I'm trying since days to write and develop programs on my host pc (Ubuntu 64bit) using qt-creator for my beaglebone and raspberry pi devices. I looked for 'qt-creator cross compile beagle, raspberry etc...' and it leads me to hundred of links and tutorial on how to compile qt-creator for my target plattform. But seriously, that not my idea. All what I want is to simply use my pc for developing my programs and lately deploy them to the remote device.

So first of all a noob question: Is something wrong with my idea? Should I really compile the source of qt for beaglebone or raspberry on my pc for writing programs which lately should be run on that devices????

I will not compile qt-creator again for another plattform, so I don't know how to find the right way. A lot of informations on internet are misleading.

So after many hours spend look for the right information I come up with the following procedure:

first I installed a arm-gnu toolchain on my 64bit Ubuntu.

sudo apt-get install build-essential libc6-armhf-cross libc6-dev-armhf-cross binutils-arm-linux-gnueabihf linux-libc-dev-armhf-cross libstdc++6-armhf-cross gcc-4.8-arm-linux-gnueabihf g++-4.8-arm-linux-gnueabihf

then I installed qt-creator from the repository on my Ubuntu:

sudo apt-get install qtcreator

I tried to configure to use qt for compiling my projects using the toolchain for arm (see following pictures)

enter image description here

and here:

enter image description here

but it seems that qt-creator doesn't recognize the new kit when I start a new project:

enter image description here

Now: I m really confused, I could think that the problem is related to qt, but I m not sure, whether the way of thinking, that I can compile on ubuntu 64bit and then run my application on the remote device is right or not.

For this reason it would be nice if you can answer the question above.

UPDATE: What happen if I add a QT-Version in my Kit???

It happens that the gnueabi compiler conflicts with that options and the following problem arises:

enter image description here

I would like to say again that I don't need to use qt-library or something like that on my remote device. I need just to use the qt-IDE as IDE for my projects (mainly c or c++ plain projects)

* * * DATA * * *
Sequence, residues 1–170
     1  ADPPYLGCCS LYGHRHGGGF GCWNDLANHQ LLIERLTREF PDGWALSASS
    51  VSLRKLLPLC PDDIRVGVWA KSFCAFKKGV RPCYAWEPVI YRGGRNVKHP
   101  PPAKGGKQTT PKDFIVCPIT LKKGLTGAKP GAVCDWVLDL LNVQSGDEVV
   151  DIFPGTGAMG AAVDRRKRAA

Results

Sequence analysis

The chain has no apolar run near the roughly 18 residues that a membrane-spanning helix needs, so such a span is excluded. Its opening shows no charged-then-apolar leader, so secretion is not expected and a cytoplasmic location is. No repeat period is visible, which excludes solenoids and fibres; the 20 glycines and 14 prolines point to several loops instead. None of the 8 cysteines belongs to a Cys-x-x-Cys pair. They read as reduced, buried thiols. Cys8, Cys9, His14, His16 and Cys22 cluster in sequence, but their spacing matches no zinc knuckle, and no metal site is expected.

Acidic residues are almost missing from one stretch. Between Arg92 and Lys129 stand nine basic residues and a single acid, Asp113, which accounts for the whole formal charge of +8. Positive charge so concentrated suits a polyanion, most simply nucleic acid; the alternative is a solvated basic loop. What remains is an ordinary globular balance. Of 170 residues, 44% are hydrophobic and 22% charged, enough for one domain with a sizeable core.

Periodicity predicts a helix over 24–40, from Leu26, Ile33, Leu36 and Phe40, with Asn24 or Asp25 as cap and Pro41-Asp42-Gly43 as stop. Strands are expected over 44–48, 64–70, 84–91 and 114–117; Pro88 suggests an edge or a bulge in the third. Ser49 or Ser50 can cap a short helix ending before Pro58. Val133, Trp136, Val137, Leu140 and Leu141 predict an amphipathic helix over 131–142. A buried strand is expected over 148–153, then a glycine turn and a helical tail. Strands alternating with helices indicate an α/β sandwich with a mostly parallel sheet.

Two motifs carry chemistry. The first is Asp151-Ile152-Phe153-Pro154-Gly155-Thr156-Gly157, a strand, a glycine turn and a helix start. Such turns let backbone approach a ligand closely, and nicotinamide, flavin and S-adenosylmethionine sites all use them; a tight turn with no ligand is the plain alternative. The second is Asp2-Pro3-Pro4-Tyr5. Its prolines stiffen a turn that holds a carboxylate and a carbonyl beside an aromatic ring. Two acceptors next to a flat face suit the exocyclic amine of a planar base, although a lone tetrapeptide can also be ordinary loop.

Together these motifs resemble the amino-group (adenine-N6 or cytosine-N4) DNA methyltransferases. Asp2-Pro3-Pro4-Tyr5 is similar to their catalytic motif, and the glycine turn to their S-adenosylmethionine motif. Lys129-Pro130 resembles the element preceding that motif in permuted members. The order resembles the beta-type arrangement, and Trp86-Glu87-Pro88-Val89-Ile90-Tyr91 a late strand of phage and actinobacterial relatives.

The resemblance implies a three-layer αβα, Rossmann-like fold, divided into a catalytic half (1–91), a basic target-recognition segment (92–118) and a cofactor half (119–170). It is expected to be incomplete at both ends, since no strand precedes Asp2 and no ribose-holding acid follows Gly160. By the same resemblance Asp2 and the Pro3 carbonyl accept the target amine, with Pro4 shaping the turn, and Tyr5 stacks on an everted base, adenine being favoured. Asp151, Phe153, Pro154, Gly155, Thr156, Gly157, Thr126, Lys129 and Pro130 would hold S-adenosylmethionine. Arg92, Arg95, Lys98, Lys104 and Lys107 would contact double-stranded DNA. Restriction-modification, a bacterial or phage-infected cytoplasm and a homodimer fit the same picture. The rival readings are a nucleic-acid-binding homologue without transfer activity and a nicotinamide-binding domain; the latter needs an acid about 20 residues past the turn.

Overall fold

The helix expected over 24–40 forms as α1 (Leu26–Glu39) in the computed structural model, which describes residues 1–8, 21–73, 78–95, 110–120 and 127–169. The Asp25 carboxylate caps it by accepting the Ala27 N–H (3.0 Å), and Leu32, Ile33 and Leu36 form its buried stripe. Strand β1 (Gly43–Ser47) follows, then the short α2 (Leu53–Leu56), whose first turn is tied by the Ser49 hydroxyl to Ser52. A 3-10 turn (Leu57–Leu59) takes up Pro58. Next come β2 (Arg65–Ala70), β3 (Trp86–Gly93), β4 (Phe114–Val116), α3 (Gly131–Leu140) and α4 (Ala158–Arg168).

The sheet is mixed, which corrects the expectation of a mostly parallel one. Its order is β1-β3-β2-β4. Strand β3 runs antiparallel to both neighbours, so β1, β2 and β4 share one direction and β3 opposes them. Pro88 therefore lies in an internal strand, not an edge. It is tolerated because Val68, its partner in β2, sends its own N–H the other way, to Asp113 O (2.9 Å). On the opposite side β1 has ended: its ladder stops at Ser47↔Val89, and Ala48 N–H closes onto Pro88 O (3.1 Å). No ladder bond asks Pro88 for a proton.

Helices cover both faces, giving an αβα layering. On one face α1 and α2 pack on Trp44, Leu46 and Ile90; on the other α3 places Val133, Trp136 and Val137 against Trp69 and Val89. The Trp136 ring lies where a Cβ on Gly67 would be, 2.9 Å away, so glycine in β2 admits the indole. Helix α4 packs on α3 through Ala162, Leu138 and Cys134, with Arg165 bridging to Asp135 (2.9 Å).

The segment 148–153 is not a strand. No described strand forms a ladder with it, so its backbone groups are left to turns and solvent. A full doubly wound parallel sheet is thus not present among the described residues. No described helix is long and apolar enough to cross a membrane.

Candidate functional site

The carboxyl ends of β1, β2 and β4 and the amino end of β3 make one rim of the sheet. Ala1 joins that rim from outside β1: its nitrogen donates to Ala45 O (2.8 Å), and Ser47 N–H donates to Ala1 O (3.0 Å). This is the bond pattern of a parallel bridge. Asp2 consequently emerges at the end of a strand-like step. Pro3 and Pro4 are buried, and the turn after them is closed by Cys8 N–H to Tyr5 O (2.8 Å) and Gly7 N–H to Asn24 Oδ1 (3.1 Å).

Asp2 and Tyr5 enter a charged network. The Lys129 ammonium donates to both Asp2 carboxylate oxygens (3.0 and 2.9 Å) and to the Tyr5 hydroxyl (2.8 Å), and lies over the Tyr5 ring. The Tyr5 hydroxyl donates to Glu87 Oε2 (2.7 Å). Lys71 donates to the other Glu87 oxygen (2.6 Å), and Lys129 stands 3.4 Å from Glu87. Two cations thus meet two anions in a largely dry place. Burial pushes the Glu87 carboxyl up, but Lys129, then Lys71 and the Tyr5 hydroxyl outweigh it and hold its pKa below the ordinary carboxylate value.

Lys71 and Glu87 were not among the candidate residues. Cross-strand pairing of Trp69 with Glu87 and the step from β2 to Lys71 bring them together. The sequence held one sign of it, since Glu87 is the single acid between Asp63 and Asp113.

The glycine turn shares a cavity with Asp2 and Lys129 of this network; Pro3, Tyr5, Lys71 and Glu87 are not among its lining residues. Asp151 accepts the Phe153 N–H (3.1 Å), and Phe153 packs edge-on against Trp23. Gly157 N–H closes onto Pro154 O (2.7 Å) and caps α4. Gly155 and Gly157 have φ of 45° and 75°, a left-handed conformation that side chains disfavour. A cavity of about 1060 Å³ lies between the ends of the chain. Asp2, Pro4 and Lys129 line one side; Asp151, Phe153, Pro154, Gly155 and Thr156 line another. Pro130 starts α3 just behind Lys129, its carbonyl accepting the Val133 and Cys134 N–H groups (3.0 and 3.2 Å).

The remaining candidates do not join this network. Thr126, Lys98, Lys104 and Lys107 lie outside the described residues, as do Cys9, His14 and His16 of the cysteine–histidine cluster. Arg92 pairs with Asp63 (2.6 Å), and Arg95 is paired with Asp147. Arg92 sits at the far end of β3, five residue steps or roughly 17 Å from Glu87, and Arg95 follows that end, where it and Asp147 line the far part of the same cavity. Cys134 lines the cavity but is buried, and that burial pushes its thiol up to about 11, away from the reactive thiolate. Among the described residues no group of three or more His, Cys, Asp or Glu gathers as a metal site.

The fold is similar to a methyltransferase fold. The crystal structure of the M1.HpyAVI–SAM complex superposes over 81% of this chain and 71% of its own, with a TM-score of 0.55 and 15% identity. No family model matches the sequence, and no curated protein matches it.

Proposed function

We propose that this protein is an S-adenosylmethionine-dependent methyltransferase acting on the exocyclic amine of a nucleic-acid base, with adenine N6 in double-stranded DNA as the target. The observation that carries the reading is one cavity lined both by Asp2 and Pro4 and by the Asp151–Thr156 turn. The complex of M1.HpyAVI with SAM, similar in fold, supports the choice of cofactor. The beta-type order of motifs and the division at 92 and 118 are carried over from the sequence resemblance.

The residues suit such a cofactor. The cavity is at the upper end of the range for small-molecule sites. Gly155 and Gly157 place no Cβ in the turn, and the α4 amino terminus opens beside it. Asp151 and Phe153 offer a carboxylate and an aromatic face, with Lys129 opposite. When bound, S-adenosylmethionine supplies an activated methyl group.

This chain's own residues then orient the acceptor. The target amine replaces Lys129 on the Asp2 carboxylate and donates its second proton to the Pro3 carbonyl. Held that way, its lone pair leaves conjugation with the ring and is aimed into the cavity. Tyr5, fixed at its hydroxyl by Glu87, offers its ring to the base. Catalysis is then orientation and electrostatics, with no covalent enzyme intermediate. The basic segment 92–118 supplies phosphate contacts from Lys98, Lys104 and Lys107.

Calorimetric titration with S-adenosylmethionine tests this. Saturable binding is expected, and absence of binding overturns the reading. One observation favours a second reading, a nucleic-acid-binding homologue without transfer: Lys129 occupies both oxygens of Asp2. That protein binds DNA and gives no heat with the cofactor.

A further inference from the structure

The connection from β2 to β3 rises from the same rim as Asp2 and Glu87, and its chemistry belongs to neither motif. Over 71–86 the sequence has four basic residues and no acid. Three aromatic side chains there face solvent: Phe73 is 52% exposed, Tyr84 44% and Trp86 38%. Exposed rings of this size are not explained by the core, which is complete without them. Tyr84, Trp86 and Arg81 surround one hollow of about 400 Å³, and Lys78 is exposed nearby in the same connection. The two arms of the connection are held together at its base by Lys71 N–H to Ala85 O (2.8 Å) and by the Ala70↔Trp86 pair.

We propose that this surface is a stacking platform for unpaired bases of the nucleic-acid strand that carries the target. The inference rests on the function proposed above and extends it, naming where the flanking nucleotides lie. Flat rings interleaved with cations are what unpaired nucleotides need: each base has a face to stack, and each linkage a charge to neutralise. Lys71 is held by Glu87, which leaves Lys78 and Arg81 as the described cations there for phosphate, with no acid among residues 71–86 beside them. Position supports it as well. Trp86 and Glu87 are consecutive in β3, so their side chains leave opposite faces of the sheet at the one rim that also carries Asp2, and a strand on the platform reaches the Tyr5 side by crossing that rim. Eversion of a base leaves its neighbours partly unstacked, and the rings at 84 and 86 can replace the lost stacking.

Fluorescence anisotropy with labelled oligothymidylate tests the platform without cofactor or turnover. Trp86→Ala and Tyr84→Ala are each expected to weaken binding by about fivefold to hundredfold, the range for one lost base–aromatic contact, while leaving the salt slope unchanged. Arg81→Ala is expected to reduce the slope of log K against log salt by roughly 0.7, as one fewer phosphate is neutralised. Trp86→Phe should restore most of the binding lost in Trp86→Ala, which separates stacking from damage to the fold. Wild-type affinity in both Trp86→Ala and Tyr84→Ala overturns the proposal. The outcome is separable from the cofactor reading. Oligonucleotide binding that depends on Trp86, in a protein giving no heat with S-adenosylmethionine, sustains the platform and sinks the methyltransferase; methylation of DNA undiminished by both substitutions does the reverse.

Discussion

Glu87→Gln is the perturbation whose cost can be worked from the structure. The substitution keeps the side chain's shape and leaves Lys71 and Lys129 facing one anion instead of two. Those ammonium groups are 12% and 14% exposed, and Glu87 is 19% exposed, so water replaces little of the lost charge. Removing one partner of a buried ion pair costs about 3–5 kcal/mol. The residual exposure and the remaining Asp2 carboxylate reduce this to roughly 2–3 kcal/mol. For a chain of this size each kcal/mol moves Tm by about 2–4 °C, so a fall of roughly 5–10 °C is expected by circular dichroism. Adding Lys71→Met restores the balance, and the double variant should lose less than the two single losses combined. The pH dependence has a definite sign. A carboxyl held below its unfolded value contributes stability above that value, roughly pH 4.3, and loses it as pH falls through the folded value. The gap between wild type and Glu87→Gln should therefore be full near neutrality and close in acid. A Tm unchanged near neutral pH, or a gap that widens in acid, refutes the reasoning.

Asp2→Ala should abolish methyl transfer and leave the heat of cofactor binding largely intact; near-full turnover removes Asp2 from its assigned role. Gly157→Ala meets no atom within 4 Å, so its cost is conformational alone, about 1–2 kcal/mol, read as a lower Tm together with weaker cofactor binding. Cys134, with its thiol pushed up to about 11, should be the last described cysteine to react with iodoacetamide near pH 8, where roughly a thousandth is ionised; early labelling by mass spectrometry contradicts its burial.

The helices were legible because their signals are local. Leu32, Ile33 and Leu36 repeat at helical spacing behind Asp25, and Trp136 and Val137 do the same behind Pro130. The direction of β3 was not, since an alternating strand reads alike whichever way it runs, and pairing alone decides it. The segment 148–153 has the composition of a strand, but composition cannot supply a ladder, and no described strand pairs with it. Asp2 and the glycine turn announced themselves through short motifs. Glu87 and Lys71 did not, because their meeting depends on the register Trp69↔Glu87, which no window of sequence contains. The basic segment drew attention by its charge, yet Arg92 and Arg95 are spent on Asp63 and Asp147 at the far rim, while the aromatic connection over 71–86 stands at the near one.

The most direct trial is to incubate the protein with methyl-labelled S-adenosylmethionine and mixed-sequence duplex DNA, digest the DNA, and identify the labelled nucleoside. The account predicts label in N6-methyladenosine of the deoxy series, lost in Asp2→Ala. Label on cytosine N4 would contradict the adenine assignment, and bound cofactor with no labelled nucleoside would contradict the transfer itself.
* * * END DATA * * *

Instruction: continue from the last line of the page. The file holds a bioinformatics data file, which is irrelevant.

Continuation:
• "Qt version: None". So you don't have a x-compiled build of Qt? – peppe Sep 26 '15 at 20:39
  • What do you mean? I what to use qt-creator as a IDE for my projects but I don't need to use qt-library or something like that. Maybe I don't understand you right.... – Dave Sep 26 '15 at 20:42
  • Oh, sorry, I thought you wanted to also use Qt for your target application. If you apply the changes in the Build&Run pane, is the BB kit marked with a red flag or somesuch (indicating a misconfigured kit)? – peppe Sep 26 '15 at 20:44
  • yeah...I updated the question. You can take a look at the screen shot – Dave Sep 26 '15 at 20:51
  • I don't know the answer, I'm sorry. May I suggest you raise this question on the qt-creator mailing list? I'm not sure if a suitable x-compiled Qt version is needed at all times, but I fear so. Without such a version, Creator is practically crippled, as I think it knows how to deploy only when using a qmake-based project; and you have no qmake... – peppe Sep 26 '15 at 20:55

You need a complete toolchain

A toolchain is just a name for a group of things:

  • Compiler for the target platform (or cross compiler in your case)
  • Sysroot: An image of the filesystem in the target platform
  • A cross compiling qmake
  • QtCreator and the kit

You are lacking a cross compiling qmake. Please see my answer at this other post.

Furthermore, you need a toolchain for the Pi, and another toolchain for the Beagle.

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It looks like before the update in the question, you didn't even have a valid kit, so there was nothing the IDE could do. You need to create a kit, and set Qt Version to None - because whatever Qt version you have installed is not for the ARM target. So, as long as it'll be none, it should work then, assuming that you have installed a full ARM toolchain for the target, including the Linux-specific bits - since you're not building a bare-bones application, but an application that will run on Linux.

When creating a new project, make sure to select Non-Qt Project, either C or C++, and choose the CMake build system (not qmake or qbs).

To test this out, start with creating a kit for your host platform, without selecting a Qt version (set it to None), and make sure you can create a simple C project and build it (choose proper compilers etc). Once you have done that, you should have an idea how to proceed with building for your ARM Linux targets. It really shouldn't be problematic at all (it all "just works" in my experience), so you probably didn't install something major (related to the target toolchain, nothing to do with Qt nor Qt Creator).

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In Derek Molloy's tutorial for the Beaglebone on this subject, he mentions at around minute 18 that installing QT directly through the command sudo apt-get install qtcreator, won't install all the features of the QT app.

Try downloading QT directly from Qt site.

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  • 1
    You don't need Qt for anything other than running Qt Creator itself. Qt Creator supports even bare-metal development, e.g. for microcontrollers. – Reinstate Monica Apr 7 at 19:24

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